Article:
4. Carolyn
    Posted October 8, 2013 at 11:26 am | Permalink | Reply

    I know people who happily pressure can with vacola jars. I got water bath preserve with them, and I’m considering investing in a pressure canner to extend their usability. Honestly, if you’ve already got them, why wouldn’t you use them? Think of the energy wasted on shipping over your new ball jars when you’ve already got usable ones at hand. The snap on lids for vacola jars are awesome. I know the ball jars are cute, and all over pinterest, but use what you’ve got.

    • Posted October 8, 2013 at 11:31 am | Permalink | Reply

      Yeah we do pressure can with our current vacolas with fruit etc, and they’re fine for that… it’s the meat thing for me really… And the vacola snap-on lids are good, but not water tight.

      I should point out that we of course WILL use our current vacolas, of course, but for future adventures and replacements… hmm..

  5. Steve W
    Posted October 8, 2013 at 11:35 am | Permalink | Reply

    Vacola make snap on/off green plastic lids for their jars. Don’t know about the BPA-freeness of same, but they’re not actually in contact with the contents in a partially empty jar.

    I too would stick with what I’ve got.

  6. Steve W
    Posted October 8, 2013 at 11:38 am | Permalink | Reply

    Beat me to it on the lids. But I can confirm that they (mine at least) are air and water-tight. Just tried it.

  7. Cheryl S
    Posted October 8, 2013 at 11:59 am | Permalink | Reply

    Ah seems the vacola can be used for your jam and fruits and get the pressure cooker for the meat and veges which is what I intend to do. I was disappointed after buying my vacola things to find that it wasn’t suitable for veges and meat. Also I noticed the ball system is now available in Big W.

  8. Posted October 8, 2013 at 12:05 pm | Permalink | Reply

    I have been thinking the same thing…looking at from a energy perspective (we had a power out for 3 days) pressure canning has many advantages (you also don’t need as much acidity/sugar) to regulate safety from what I’ve read. I’ve seen a few on etsy and I think I will grab one. They do need to be keep produce out of the light (dark spot) and below 30C (ideally I would store canned items around 10 C (like a cellar if I had one). I’ve also just used 2nd hand jars in my vacola kit that sealed better than the vacola lids. I’ve had a few duds in the vacola set so I think the pressure system would be more failsafe. Even things like dog/pet food, its got to be so much better quality canning it yourself, and you can use greens from the garden, etc etc.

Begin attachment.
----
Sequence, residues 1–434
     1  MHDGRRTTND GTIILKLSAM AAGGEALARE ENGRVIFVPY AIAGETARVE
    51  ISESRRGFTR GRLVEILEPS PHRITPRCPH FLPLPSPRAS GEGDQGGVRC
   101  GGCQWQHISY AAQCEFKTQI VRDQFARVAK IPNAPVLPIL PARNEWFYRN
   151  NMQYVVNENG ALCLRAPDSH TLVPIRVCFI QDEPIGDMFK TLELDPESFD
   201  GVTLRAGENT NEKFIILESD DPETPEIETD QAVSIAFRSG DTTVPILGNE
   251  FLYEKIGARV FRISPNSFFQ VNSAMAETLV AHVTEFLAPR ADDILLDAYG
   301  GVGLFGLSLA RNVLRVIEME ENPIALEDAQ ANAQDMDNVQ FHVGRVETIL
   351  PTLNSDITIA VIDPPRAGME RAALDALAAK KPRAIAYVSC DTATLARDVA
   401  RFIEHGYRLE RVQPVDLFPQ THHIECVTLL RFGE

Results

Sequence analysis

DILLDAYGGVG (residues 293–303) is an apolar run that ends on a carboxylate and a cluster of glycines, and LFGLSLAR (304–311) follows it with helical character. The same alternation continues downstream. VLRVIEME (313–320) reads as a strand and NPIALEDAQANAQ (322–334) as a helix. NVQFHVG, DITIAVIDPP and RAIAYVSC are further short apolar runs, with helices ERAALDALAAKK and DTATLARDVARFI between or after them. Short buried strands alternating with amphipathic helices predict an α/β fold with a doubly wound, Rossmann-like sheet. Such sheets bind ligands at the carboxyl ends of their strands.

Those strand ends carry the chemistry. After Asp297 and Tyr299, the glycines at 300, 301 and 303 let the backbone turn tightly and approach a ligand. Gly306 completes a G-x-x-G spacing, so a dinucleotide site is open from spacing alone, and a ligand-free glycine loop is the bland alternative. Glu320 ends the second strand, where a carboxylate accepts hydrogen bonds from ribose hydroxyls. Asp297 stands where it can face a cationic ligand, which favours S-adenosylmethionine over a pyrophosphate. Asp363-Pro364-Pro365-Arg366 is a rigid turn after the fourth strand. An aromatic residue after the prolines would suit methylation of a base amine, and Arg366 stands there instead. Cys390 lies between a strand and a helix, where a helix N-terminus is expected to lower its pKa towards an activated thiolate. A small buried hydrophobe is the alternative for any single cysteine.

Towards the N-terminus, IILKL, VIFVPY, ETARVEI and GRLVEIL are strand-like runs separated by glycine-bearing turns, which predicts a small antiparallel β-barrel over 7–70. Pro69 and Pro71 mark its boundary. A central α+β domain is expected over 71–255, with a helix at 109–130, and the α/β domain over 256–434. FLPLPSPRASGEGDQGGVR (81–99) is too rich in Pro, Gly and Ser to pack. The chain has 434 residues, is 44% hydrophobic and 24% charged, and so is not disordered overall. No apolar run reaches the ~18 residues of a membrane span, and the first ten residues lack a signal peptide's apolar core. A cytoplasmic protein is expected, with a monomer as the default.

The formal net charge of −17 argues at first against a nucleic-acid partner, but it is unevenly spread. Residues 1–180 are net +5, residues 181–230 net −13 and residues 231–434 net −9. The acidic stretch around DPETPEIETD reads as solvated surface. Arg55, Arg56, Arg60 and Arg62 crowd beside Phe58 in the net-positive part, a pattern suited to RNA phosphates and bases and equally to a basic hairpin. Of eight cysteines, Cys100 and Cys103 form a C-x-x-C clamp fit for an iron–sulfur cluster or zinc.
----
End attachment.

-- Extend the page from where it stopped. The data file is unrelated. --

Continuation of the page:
9. Kim Hayes
    Posted October 8, 2013 at 12:15 pm | Permalink | Reply

    As a Yank, I say go with the Ball system due to it’s versatility. I’m only a beginning canner, yet experienced folks I chat with pressure can tomato sauces, meats, etc. just fine with the Ball system. In fact stories of whole cows being canned are true. When a farm wife had unexpected guests, she was able to whip together a delicious meal in the time it takes to boil a potato because she had canned meat on hand to heat up. Save your precious freezer space for those delectable cuts that have bones involved like Leg of Lamb or short ribs, etc.

  10. Posted October 8, 2013 at 1:12 pm | Permalink | Reply

    As an American, I am only familiar with the ball system, but I love the look and size of the vacola jars. I would use both. Save the ball jars for pressure cooking and use the nicer vacola jars for jams & fruits. Here in the US, I look for vintage glass jars but always use new (BPA-free) liners and rings to assure a tight seal.